# MathTR-Gr7-Chap03

```MathTR-Gr7-Chap03 7/22/04 5:25 PM Page 82
Fraction Operations
Key Words
equivalent fractions
common denominator
multiple
proper fraction
improper fraction
mixed number
numerator
denominator
Curriculum Expectations
MAJOR EXPECTATIONS
Number Sense and Numeration
7m1, 7m11, 7m18, 7m19, 7m23, 7m26
CONTRIBUTING EXPECTATIONS
Number Sense and Numeration
7m5, 7m6, 7m7, 7m16, 7m24, 7m25
Geometry and Spatial Sense
7m47
Chapter Problem
A Chapter Problem is introduced in the Chapter Opener. Having students
discuss their understanding of how to answer the Chapter Problem will
You may wish to have students complete the Chapter Problem Revisits that
occur throughout the chapter. These Mini-Chapter problems are particularly
useful for special education students and those working at Level 1 or 2 because
these revisits will assist students in doing the Chapter Problem Wrap-Up on
page 111.
Alternatively, you may wish to assign only the Chapter Problem Wrap-Up
when students have completed Chapter 3. The Chapter Problem Wrap-Up
is a summative assessment.
82
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Planning Chart
Section
Suggested Timing
Core Questions and
Typical Assignment
Teacher’s Resource
Blackline Masters
Chapter Opener
• 10 min (optional)
Assessment
Tools
Interventions
Materials and
Technology Tools
Formative
Assessment:
Chapter Problem
• 40 min
tool on BLM GR3A to
assess which questions
individual students need
to complete
BLM GR3A Letter to Parents
BLM GR3B Create a Fraction
Mind Map
BLM GR3C Chapter 3
Diagnostic Checklist
BLM GR3D Investigate Fractions
Diagnostic
Assessment:
BLM GR3A
BLM GR3B
BLM 3A Writing
Fractions
BLM 3B Comparing
and Ordering
Fractions
BLM 3C Multiples
BLM 3D Equivalent
Fractions
•
•
•
•
•
•
Using Manipulatives
• 40 min
Core Questions: 1, 11, 15, 16
Typical Assignment: 1–3, 5,
7, 9–11, 13, 14, 16 [17–19
Levels 3 and 4]
Master 5 Tangram
Master 8 Grid Paper
BLM 3.1A Pattern Block
Worksheet
BLM 3.1B Add Fractions Try This!
Checkbric
BLM 3.1C Extra Practice
Formative
Assessment:
Chapter Problem,
#10, Try This!, #16
BLM 3.1B
BLM 3E Chapter
Problem Revisit
BLM 3F Section
3.1 Try This!
• pattern blocks
• pencil crayons
3.2 Subtract Fractions
Using Manipulatives
• 40 min
Core Questions: 1–10, 11,
12, 15
Typical Assignment: 1–3, 5,
7, 8, 10, 12–15 [16, 17 for
Level 4]
Master 5 Tangram
BLM 3.1A Pattern Block
Worksheet
BLM 3.2A Subtract Fractions
Try This! Checkbric
BLM 3.2B Extra Practice
Formative
Assessment:
Chapter Problem,
#14, Try This!, #15
BLM 3.2A
BLM 3G Chapter
Problem Revisit
BLM 3H Section
3.2 Try This!
• pattern blocks
• pencil crayons
3.3 Find Common
Denominators
• 40 min
Core Questions for Levels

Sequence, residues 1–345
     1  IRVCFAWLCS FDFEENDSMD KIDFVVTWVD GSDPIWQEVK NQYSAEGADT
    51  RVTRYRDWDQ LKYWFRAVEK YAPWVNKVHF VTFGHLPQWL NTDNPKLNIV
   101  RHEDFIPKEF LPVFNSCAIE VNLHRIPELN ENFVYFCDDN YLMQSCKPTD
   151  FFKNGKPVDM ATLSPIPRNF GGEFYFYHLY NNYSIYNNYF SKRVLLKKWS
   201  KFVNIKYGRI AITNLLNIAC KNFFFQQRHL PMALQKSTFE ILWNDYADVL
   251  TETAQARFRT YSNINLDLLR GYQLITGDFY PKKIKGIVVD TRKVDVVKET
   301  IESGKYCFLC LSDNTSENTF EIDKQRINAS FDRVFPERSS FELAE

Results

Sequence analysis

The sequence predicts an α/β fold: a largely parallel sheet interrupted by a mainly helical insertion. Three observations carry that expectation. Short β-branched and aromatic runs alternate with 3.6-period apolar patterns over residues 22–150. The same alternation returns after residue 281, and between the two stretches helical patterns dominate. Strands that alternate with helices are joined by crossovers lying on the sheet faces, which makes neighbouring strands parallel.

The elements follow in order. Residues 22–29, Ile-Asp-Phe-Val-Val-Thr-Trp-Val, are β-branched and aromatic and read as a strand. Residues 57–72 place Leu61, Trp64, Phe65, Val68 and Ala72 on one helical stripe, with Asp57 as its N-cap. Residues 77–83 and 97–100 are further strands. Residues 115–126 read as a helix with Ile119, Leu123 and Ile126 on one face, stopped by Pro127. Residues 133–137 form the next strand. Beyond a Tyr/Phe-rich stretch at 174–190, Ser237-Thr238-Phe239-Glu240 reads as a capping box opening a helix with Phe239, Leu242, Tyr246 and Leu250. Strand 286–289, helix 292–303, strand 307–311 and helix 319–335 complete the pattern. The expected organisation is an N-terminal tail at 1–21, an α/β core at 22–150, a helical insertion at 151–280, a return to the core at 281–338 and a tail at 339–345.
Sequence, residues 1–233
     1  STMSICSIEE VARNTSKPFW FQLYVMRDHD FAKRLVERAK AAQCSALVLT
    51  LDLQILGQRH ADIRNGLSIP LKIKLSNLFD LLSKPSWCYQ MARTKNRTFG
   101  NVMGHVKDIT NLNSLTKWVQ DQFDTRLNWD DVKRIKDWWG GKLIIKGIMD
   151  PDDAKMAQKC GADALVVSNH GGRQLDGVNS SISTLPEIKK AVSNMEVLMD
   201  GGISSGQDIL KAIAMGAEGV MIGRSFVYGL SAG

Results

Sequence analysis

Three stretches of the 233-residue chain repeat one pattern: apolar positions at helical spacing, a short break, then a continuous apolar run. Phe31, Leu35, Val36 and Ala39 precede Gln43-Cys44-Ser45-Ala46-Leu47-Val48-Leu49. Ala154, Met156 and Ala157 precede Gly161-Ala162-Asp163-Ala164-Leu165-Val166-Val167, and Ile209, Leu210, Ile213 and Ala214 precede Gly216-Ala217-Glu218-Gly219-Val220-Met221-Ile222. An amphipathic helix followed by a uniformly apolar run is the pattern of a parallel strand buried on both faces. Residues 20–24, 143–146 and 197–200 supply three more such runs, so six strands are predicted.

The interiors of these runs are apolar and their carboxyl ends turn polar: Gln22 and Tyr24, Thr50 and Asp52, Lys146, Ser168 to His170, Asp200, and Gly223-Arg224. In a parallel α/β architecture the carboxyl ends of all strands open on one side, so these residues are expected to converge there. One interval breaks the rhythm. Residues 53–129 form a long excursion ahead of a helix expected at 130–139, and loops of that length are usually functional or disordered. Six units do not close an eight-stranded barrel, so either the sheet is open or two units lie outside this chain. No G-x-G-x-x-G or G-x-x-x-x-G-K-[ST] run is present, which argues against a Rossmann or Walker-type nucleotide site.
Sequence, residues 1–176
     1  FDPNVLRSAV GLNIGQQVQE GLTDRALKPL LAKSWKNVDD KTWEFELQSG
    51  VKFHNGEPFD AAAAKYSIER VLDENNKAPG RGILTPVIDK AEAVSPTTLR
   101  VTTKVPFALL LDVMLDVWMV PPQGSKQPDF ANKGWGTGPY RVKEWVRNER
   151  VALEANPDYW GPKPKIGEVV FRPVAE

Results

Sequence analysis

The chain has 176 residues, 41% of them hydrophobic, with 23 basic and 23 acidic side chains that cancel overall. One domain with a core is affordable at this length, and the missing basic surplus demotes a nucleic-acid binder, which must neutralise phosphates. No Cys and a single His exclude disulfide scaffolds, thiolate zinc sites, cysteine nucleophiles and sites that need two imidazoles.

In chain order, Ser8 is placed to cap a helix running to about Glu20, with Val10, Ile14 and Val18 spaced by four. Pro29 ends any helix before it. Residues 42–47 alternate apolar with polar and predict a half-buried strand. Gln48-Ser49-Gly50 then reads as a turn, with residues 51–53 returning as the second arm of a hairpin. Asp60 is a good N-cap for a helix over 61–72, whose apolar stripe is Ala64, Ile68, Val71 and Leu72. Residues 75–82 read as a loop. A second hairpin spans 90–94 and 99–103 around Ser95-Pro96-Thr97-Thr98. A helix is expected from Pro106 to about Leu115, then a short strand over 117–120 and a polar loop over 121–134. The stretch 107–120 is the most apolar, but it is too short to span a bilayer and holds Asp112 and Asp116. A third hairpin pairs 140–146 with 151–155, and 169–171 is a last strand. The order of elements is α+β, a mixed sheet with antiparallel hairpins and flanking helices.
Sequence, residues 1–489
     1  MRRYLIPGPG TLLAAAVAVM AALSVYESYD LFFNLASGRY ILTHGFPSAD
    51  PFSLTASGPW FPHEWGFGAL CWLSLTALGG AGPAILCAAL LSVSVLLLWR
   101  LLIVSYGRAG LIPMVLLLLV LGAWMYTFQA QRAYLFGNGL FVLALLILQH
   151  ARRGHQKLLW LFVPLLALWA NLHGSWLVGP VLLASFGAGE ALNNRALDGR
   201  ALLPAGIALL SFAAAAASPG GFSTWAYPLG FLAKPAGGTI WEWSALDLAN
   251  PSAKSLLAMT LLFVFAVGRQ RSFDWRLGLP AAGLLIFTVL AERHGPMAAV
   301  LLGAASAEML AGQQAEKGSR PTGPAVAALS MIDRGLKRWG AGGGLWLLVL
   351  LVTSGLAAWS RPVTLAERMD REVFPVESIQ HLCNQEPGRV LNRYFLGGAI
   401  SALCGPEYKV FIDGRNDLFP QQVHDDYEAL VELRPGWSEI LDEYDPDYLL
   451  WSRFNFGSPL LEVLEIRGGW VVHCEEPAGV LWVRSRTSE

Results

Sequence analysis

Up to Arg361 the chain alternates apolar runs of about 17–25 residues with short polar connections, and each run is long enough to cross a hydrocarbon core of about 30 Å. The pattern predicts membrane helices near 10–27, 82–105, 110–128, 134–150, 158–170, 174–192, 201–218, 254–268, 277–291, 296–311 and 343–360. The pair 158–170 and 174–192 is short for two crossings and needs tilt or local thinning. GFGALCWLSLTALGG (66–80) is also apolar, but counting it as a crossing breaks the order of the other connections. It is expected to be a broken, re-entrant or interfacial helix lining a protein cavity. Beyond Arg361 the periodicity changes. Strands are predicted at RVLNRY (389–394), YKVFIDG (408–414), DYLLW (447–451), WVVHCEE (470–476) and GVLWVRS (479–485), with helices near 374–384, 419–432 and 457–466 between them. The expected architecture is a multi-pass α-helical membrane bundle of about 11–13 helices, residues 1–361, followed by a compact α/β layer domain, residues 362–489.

1 and 2: 1–9, 12, 14
Typical Assignment: 1–3,
5, 8–11, 13, 14 [15 for
Level 4]
BLM 3.3A Common Denominators
Try This! Checkbric
BLM 3.3B Extra Practice
Formative
Assessment:
Try This!, #14
BLM 3.3A
BLM 3I Section 3.3
3.3 Try This!
• paper
• pencil crayons
Fractions Try This! Checkbric
BLM 3.4B Extra Practice
Formative
Assessment:
Chapter Problem,
#12, Try This!, #20
BLM 3.4A
BLM 3.5A More Fraction
Problems Try This! Checkbric
BLM 3.5B Extra Practice
Formative
Assessment:
Try This!, #18
BLM 3.5A
Fractions Using a
Common Denominator
• 40 min
3.5 More Fraction
Problems
• 40 min
Core Questions: 1–9, 11,
13, 14
Typical Assignment: 1–11,
13–17 (12, 18, 19 for
Level 4)
Chapter 3 Review
• 40 min
pattern blocks
fraction circles
base ten blocks
tangrams
fraction strips
cuisenaire rods
• pattern blocks
BLM 3J Section 3.5
Try This!
BLM 3K Chapter 3
Wordsearch
Chapter 3
Practice Test
• 40 min
BLM 3.6A Chapter 3 Test
BLM 3.6B Chapter 3 Test
Assessment
Summative
Assessment:
BLM 3.6A
BLM 3.6B
Chapter Problem
BLM 3.6C Chapter 3
Problem Wrap-Up Rubric
BLM 3.6D Chapter 3 Mark
Summary
Summative
Assessment:
BLM 3.6C
BLM 3L Chapter
Problem Wrap-Up
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Suggested Timing
40 min
Materials
pattern blocks
fraction circles
base ten blocks
tangrams
fraction strips
cuisenaire rods
Related Resources
BLM GR3A Letter to Parents
BLM GR3B Create a Fraction
Mind Map
BLM GR3C Chapter 3
Diagnostic Checklist
BLM GR3D Investigate Fractions
• Have students add the terms proper fraction, improper
fraction, mixed number, numerator, denominator, multiples,
and equivalent fractions, with definitions and examples, to
their personal math dictionaries.
Diagnostic Assessment
Prior to starting Chapter 3, explain that the next topic is about
fractions. Allow students to do a think-pair-share about fractions.
Discuss with students when they have used fractions in
everyday life and what they know about fractions. You may
wish to brainstorm and develop a mind map that includes
references to fractions. Encourage students to talk about
what they know. Try to elicit ideas from all class members.
Method 1: Challenge students to show how much they know